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According to my father, when I was born, the umbilical cord was wrapped around my neck 4 times and tied in a knot.  To the amazement of the doctors and my parents, I was breathing fine, and my face was pink and healthy.  When I’m at my lowest, he reminds me of this story to tell me that there is a reason God wanted me alive.  He reminds me that no matter what I think, my life has a purpose.

I used to be a fervently religious person.  And I don’t mean that in a negative way.  It’s sad that I have to qualify that statement, but I don’t mean that I was out proselytizing or standing on corners with street signs condemning others.  I went to church every Sunday, sang in the choir, and actively participated in bible study, religious education, and youth group.  I felt that I had a purpose.  I felt that I belonged to something bigger than myself and I felt that I always tried to treat my neighbour as myself, because wasn’t that the whole point?  As I got older, certain things just stopped making sense.  I couldn’t see why there was division in religion at all, and why certain friends of mine would get upset regarding our religious differences.  I was Catholic, they were Baptist, but we could still be friends?  “Love your neighbour as yourself” does not have qualifications.  There aren’t any exceptions to the rule.  At least that’s how it should be and how I believe it to be in my heart.

The first pivotal moment in my crisis of faith happened when I was a senior in high school.  I was president of the youth group, we had just gone on a pilgrimage to see the pope, college was right around the corner, and I thought I had it all figured out.  Then my best friend and boyfriend at the time, came out of the closet.  It was hard for me to accept, but even harder for him to deal with.  Like me, he was Catholic, and we belonged to the same church.  His mother had given him books on how to “treat” homosexuality and how to “turn back” into being straight.  He was so fractured and torn, and I didn’t know how to help him.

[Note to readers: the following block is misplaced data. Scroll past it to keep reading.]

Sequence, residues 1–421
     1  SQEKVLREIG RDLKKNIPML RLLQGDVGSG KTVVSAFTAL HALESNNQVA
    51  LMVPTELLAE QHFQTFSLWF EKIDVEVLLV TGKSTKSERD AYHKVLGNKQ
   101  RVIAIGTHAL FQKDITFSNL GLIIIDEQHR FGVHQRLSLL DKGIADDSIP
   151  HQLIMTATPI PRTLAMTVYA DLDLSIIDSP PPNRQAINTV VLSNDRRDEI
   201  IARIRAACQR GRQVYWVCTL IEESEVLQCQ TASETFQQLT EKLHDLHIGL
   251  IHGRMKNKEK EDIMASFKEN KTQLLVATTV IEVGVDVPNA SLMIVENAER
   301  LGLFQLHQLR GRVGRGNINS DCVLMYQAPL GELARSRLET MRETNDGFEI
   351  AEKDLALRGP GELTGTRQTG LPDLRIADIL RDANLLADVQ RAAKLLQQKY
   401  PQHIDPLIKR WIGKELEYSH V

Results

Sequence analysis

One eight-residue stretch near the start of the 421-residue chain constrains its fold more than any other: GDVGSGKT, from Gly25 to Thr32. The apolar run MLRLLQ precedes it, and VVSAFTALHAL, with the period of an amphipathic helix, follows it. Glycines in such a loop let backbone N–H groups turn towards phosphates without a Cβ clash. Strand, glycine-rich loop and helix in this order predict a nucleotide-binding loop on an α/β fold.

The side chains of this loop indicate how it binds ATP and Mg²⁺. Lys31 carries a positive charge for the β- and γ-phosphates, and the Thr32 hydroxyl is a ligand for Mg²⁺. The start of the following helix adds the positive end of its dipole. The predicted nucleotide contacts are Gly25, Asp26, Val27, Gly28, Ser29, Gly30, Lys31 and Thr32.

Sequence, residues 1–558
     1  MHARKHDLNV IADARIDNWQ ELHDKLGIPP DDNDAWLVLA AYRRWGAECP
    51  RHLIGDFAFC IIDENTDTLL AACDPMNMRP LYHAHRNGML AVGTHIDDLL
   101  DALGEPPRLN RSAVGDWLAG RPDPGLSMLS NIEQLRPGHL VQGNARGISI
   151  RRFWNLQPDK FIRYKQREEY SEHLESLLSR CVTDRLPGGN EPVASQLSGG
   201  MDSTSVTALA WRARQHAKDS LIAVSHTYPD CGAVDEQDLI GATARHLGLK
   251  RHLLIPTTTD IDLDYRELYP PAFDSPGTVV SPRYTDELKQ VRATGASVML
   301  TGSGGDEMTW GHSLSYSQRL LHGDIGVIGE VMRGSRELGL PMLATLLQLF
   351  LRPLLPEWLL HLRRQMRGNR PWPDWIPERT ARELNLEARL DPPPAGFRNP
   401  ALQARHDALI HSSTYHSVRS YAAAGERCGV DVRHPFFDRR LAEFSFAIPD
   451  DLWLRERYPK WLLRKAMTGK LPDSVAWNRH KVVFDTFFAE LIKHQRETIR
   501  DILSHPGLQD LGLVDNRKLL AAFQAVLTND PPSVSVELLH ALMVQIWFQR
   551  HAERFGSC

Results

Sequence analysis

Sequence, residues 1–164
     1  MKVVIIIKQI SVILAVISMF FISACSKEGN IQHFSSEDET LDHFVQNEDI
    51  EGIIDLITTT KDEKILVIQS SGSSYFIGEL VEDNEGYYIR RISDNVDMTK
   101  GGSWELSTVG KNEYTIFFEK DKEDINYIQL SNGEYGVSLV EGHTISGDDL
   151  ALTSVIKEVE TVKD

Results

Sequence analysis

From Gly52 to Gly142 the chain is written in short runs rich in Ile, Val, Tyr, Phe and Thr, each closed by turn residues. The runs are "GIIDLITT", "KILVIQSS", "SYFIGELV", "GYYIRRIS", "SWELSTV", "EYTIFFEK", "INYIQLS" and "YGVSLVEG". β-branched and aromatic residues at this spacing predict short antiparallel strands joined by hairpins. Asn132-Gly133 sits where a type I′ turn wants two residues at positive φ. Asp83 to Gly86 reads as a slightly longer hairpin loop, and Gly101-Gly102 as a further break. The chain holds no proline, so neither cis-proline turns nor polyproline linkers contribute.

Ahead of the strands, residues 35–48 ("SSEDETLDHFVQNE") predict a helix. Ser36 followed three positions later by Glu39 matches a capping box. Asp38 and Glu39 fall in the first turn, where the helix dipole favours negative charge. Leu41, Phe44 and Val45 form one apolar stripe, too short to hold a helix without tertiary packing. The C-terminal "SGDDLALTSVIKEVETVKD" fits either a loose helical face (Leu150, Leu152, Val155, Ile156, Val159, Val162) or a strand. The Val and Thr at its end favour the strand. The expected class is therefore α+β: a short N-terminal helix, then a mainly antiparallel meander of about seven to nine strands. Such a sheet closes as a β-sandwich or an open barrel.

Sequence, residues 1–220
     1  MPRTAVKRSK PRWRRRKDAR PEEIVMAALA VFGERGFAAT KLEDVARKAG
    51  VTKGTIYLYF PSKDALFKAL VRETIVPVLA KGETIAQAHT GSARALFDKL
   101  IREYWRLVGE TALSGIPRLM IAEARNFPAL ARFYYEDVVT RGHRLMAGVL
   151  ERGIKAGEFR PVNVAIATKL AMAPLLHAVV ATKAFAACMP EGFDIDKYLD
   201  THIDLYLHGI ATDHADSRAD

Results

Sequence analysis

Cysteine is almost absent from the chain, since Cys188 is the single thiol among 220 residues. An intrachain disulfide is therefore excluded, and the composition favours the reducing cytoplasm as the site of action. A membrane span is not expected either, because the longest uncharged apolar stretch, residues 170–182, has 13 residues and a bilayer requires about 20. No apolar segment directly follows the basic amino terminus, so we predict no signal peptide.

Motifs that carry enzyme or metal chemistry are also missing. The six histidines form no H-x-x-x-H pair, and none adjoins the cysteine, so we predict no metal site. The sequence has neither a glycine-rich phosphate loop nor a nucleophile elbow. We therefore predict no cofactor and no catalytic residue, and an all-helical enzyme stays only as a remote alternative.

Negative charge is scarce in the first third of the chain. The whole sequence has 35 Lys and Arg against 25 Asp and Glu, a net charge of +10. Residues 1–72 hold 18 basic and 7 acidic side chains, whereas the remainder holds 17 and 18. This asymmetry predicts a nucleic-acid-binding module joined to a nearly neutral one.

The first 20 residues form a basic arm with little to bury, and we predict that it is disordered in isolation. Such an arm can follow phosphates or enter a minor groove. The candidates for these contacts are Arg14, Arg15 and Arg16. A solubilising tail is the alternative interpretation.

The sacristy of our church was open quite late, so that people could come there and reflect on their faith and pray at all hours.  The church itself was beautiful, cut into a hillside, and full of absolutely breath-taking stain glass windows.  He and I went to the church together one night, and settled in the hush of the candlelight, he burst into tears.  His mother told him how he was no longer allowed or welcome in the church because of his “choice”.  And he looked at me with tears in his eyes and asked me a question that I still don’t know how to answer.  “How can the same God who made me this way turn his back on me?”  I didn’t understand.  I just held him as he cried.

I still couldn’t separate faith from the church.  In my mind, surely if I stopped supporting the Catholic church, that meant I didn’t believe in God.  It meant that I couldn’t believe in God, because according to the church, God turned his back on people like my best friend.

Fast forward 15 years or so, and I’m even more confused.  I don’t go to church anymore, and don’t even talk about my faith.  Most of my friends are atheist, agnostic, or other non-Christian, and some are very open in their condemnation of all things religion.   One of these people is my husband.  We agree to disagree on the subject, but his words still hurt when he condemns people who still believe in some “space pixie in the sky”.

On our road trip, I had this really clear vision of my mortality.  Since I wasn’t sure I believed in an afterlife anymore, what would that mean for me when I die?  The thought is too big and too scary to handle in just one blog post.  But I really don’t have an answer.  Will my life mean nothing?  What is my purpose in life?  Why do I exist at all?  What is the point?

When I had religion, these questions had answers.  I’m here to live the best life possible, to better myself for the next life to come.  But if we’re only here as an accident, as my beloved seems to believe, then what is the point at all?  From a biological perspective, I’m failing my purpose since I’m not having kids like everyone else is.  I don’t know if we can…ever.  Our evolution dies with us.  But that whole topic is a subject for another day.

For the past 6 months, I feel like I’ve just been existing.  Getting up, going to work, coming home,  eating, and sleeping.  I’m losing my hair, and it’s coming out in big clumps.  I don’t know why that’s happening, but it really doesn’t help my already tenuous grasp on sanity.  It’s just hair. I get that.  It grows back.  I don’t know why I mentioned that, I guess sanity is out the window.  Don’t get me wrong, there have been moments of happiness, sure, and moments of contentment. I wish I could lift this veil of sadness and anxiety and learn to see the sunshine again.

This started as talking about my crisis of faith, but kind of explores the root of it all.  Call it depression.  Call it whatever.  But I feel like I’m in a crisis, and in that black hole, and I can’t see the sunshine.  I can’t even let anyone help pull me out, and I don’t want to pull anyone else with me.  It is exhausting that I have to keep pretending that I am just like everyone else.